I was now realizing that the shading is actually where the real story-telling takes place, and was at least as challenging as the line-drawing.  Even more than the other developments in the drawing (going from crowded library, to nearly-empty library, to empty library and she’s asleep), the shading immediately communicates the progress of time and the changing mood.

My plan had been to keep page 1 just to the line drawing, no shading at all.  But as I looked at the progression of page 1 to page 2, I felt the contrast was too stark:

JPG p 1-2

Also, I wanted to make the room feel as crowded and lively as possible so I added two new figures in the lower left:

JPG p 1 new figuresb

 

 

Added shadows, especially darkening in the bookshelves, which overall improved the definition and drama of the space, I think.

JPG p 1 v2 shading 2 - resized

But my main probems were with page 2.  I obsessively kept re-doing the shading, and made other changes as well.  I decided the character’s gesture in page 2 wasn’t doing anything for me, and that the figure of the man re-shelving books was detracting from the emptying-out quality of the room.

JPG p2 w shading composite 4-6JPG p2 w shading composite 4-6 2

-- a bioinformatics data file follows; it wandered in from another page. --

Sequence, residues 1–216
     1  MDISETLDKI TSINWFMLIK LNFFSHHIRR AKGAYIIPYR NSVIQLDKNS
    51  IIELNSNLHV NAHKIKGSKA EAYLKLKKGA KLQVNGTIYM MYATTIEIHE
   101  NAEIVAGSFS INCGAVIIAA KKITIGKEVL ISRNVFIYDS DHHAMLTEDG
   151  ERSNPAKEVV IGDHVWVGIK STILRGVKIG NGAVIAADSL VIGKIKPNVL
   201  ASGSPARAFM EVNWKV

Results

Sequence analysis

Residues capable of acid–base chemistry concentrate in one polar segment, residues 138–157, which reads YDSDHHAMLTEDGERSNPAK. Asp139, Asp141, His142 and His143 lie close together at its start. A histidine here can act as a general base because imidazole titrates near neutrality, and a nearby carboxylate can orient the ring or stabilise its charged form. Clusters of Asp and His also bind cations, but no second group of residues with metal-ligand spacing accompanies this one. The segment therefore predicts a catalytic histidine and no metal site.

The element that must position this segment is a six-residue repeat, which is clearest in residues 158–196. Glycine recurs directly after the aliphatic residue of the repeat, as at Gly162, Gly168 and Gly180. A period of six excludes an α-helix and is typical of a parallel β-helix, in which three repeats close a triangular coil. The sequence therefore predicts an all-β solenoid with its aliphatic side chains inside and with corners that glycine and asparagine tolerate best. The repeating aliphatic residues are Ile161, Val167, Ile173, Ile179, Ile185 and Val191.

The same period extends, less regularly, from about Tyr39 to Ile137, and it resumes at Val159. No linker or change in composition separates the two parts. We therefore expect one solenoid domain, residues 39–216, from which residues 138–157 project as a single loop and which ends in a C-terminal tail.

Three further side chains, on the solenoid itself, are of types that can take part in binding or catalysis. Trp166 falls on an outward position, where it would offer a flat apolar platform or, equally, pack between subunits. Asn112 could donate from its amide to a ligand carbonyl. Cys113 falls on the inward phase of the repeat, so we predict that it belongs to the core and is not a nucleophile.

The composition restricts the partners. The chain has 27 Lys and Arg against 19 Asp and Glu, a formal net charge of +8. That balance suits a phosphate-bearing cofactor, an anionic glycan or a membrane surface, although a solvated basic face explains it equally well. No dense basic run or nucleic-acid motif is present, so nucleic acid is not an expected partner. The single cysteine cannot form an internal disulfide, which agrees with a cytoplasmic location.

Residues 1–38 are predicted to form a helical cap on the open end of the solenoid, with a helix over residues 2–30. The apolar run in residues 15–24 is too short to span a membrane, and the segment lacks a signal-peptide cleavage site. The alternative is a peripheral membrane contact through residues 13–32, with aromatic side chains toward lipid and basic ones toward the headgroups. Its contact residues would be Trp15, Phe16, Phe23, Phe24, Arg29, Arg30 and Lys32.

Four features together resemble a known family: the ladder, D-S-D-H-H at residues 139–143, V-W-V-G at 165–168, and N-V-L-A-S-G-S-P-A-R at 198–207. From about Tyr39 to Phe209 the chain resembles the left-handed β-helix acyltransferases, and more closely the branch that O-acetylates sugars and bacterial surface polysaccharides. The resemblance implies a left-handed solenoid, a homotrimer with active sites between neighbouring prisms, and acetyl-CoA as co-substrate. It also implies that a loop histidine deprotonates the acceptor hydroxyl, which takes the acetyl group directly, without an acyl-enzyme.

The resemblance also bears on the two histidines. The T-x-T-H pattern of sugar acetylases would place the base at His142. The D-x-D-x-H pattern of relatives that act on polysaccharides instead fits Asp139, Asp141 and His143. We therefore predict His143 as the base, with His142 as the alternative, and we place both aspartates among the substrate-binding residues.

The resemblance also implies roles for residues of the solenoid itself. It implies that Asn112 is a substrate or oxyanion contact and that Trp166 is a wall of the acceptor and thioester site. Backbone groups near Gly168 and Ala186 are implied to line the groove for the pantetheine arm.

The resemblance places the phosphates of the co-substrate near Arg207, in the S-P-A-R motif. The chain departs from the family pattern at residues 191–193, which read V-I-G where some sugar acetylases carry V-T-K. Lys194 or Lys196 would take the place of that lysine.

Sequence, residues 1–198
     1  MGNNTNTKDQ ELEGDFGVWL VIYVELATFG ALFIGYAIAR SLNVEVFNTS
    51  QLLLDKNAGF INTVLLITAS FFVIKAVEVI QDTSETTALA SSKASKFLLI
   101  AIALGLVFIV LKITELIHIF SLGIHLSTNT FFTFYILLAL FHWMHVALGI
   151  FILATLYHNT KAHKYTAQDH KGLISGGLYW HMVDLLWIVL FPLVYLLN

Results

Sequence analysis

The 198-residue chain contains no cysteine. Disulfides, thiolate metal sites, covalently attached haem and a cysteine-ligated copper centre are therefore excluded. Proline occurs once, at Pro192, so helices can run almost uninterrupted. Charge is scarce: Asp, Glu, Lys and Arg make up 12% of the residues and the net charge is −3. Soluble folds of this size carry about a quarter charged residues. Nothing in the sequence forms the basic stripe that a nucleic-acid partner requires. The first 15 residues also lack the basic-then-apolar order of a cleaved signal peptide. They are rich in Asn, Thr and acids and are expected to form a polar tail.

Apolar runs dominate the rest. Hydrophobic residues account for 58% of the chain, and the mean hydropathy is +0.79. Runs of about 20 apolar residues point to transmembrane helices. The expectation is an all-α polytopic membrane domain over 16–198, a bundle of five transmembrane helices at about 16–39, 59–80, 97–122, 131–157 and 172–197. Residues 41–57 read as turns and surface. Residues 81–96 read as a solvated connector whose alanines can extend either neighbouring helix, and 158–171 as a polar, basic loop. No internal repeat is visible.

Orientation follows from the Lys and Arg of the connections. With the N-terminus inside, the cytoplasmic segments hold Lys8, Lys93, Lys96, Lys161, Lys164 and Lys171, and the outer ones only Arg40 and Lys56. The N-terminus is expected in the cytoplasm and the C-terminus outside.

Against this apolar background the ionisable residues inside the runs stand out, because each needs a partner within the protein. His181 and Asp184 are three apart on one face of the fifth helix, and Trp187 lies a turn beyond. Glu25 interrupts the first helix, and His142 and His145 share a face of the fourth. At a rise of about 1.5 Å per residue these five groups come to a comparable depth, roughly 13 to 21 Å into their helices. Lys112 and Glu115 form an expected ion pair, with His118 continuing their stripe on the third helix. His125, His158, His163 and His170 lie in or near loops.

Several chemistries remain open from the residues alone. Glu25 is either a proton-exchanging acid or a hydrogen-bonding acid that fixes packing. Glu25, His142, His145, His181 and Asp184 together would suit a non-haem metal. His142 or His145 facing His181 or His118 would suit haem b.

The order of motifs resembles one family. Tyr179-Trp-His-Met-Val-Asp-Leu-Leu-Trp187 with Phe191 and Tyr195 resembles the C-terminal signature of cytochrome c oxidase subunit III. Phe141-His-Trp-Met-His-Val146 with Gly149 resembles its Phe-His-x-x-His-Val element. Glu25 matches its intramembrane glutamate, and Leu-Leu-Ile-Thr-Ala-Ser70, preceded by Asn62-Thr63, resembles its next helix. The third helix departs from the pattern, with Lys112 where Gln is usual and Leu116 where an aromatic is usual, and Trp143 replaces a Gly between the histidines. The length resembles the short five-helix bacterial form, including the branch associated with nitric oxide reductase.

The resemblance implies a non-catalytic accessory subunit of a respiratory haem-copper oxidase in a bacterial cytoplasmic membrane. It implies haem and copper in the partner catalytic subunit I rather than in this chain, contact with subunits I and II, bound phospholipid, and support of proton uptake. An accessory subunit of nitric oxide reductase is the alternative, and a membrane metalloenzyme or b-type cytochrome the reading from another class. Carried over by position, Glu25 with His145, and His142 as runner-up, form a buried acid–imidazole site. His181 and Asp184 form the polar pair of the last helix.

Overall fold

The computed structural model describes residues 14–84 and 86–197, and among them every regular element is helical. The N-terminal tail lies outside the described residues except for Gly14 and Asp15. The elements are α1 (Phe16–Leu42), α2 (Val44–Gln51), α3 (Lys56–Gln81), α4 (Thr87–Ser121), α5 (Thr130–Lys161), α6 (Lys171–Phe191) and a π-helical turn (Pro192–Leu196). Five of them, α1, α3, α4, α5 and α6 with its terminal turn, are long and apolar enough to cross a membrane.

Reaching the stage where I can no longer discern which versions are better.  I re-did the wash over the “floor” section of the drawing several times. I had been drawing on bristol. Wash on bristol sucks.  My final (I think) version I re-drew just the “floor” section on watercolor paper.

At this point, I started to question whether this was the best way to draw the chapter, repeating the same view each time.  I became convinced that, ultimately, it would be better to “zoom in” gradually so that the sleeping character would fill the page on page 3.  I felt like I had to go on and finish the original plan though, and try not to feel stupid laboriously drawing the library in perspective over again, despite my suspicion that it wouldn’t work.

Page 3 was actually much simpler, just a dark room with a circle of light where the figure will be, drawn in litho crayon over a light wash:

JPG p 3 shading 1

And photo-shopped over the line art:

JPG p3 v1 touchups RESIZED

(NOTE: unlike the earlier chapters, I’m planning to have a bleed on these pages).

 

So, the three-page chapter goes something like this.  One:

JPG p 1 v2 shading 2 - resized

Two:

JPG p 2 touchups w shading 6b

Three:

JPG p3 v1 touchups RESIZED

 

EPILOGUE
I guess now I no longer think it would be better with the “zoom-in,” but I can try it anyway, digitally:

 

JPG p 1 v2 shading 2 - resized

JPG p 2 touchups w shading 6b ZOOM

 

 

JPG p3 v1 touchups ZOOMED

 

Nope, I think it works better the original way.  What do you think?

 

 

 

 

 

 

 

 

 

Dan
Lives in: Cambridge, Mass. Does: comics. Used to live in: Topanga Canyon, California But grew up in: Cambridge, mostly Used to do (maybe still?): Screenwriter, journalist, teaches some too